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Figure 44. Caption: Simulation of a flow past Pentagon building, with 2 and 1 m resolution in the horizontal and vertical respectively, using Gal-Chen & Somerville coordinate transformation. Contours of square root of turbulent kinetic energy are shown in the central y-z cross section(left), and in x-y cross section at z=10 m (right).

Robert Sharman (RAP) and P. Smolarkiewicz conducted numerical studies of urban boundary layer flows and contaminant dispersion in the vicinity of the Pentagon using EULAG (Figure 44). The objective is to quantify airflow characteristics under various meteorological conditions, with emphasis on predicting the concentration levels of hazardous contaminants as they disperse and collect in recesses. A series of simulations for both high and low Reynolds number flows is needed to complement and compare to field observations and wind tunnel measurements. So far, they have focused on high Reynolds number flows for various choices of physical and numerical parameters, in order to assess the optimal model configuration. Among others, the simulations using standard terrain-following coordinates were compared with an immersed-boundary approach. Contrary to experience with other simulation models, EULAG represents steep urban structures as terrain-following orography and produces results qualitatively similar to the immersed-boundary approach. Generalization of this approach should lead to better representations of internal boundaries in atmospheric and oceanic numerical simulation models.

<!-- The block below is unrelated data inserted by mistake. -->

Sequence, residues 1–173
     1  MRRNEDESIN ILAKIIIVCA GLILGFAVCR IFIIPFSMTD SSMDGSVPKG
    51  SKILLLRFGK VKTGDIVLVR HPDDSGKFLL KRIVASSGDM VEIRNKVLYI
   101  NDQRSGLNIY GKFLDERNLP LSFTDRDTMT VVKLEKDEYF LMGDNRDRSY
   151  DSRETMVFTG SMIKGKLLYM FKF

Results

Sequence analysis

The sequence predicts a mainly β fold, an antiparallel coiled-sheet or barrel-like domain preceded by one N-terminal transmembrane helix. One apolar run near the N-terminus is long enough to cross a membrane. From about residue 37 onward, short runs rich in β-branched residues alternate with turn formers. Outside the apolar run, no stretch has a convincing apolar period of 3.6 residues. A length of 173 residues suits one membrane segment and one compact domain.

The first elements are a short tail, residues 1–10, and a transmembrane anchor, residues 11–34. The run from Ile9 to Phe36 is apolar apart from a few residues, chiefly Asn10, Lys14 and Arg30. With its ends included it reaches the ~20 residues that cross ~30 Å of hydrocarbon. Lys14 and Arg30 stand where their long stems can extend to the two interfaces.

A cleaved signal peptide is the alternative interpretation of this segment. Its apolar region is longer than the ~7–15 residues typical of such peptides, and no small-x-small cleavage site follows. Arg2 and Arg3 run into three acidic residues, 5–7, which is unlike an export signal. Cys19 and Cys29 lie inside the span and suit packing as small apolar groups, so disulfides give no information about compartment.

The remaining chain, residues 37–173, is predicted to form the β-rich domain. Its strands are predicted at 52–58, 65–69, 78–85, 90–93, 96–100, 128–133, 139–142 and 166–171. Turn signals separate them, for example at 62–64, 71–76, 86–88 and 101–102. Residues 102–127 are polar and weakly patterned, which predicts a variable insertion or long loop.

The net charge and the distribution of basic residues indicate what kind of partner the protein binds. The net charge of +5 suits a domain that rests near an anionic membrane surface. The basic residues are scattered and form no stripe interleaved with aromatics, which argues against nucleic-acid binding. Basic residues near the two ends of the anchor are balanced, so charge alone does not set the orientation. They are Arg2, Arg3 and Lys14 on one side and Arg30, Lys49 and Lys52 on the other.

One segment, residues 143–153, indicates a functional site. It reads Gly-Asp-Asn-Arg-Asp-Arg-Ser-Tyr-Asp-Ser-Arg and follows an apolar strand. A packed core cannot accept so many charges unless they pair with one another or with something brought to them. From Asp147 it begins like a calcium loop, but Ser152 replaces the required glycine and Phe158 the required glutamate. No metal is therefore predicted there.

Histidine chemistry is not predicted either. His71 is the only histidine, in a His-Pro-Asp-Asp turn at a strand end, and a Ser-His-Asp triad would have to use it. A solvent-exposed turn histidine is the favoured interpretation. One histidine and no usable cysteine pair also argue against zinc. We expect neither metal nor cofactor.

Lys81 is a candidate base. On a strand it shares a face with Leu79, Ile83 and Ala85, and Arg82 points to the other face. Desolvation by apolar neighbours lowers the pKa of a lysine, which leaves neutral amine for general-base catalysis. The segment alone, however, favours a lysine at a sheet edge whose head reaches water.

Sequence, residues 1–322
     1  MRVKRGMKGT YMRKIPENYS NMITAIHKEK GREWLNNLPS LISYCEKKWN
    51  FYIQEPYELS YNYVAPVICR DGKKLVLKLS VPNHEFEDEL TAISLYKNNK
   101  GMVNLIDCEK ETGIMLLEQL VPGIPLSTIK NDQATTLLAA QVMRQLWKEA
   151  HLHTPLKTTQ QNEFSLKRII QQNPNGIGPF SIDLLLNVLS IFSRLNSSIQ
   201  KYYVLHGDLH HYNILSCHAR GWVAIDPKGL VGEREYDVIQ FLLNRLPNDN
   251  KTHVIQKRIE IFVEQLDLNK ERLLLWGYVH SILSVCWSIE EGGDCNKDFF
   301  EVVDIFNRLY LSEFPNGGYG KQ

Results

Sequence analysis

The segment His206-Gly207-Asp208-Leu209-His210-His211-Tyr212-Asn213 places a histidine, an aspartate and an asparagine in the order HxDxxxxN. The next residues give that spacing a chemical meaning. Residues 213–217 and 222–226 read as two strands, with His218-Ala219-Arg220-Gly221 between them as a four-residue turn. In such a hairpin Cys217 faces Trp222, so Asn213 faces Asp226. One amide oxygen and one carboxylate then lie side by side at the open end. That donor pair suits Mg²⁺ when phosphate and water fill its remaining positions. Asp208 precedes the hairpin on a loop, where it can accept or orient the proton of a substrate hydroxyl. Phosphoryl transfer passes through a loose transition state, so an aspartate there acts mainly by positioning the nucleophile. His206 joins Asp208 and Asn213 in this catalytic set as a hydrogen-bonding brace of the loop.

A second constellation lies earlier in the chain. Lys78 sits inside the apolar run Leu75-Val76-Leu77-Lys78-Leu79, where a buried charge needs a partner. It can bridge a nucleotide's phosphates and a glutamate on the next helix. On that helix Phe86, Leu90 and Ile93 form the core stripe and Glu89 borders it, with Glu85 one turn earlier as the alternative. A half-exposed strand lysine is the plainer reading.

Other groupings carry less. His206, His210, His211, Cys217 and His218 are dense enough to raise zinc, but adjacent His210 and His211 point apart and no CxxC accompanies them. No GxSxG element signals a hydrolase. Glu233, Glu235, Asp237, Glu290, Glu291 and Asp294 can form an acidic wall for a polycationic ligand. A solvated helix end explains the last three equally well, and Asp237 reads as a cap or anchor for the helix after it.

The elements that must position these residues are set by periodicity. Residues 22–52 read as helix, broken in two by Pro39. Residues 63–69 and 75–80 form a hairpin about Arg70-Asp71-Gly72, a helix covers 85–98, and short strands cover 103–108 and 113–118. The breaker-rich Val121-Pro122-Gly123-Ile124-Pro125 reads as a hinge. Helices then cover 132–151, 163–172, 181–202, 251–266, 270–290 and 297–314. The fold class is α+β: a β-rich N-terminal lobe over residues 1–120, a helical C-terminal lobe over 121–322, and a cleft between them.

Ocean-atmosphere interaction at turbulence- and mesoscales

Subfilter Scale Motions in Marine PBLs

Peter Sullivan, John Wyngaard (Pennsylvania State University), James Edson (Woods Hole Oceanographic Institute) along with NCAR investigators in MMM and ATD planned, implemented, and carried out the Ocean Horizontal Array Turbulence Study (OHATS) utilizing the air-sea interaction tower (ASIT) operated by Woods Hole Oceanographic Institute. The ASIT is located approximately 3 kilometers off the coast of Martha's Vineyard in 15 meter deep water with a southwesterly exposure open to the Atlantic ocean. The experimental design and layout of the sensors in OHATS targets the measurement of turbulence variables in the marine surface layer along with simultaneous wave information. Turbulence (three velocity components and potential temperature) was measured using 18 sonic anemometers and wave information (height and propagation direction) was collected using 3 laser altimeters. This data will be used to construct subfilter scale motions that are modeled in LES codes and will potentially establish correlations between marine surface layer turbulence and wave states. The duration of the field campaign was approximately two months starting 1 August 2004 and ending 1 October 2004 with continuous data collection. The observations span a regime of light to modest strength winds, unstable to very stable stratification, and a variety of wave states. A preliminary sweep through the dataset has identified more than 280 hours of data that will be interrogated in future analysis. Further information, including a gallery of photographs and preliminary data, can be found at and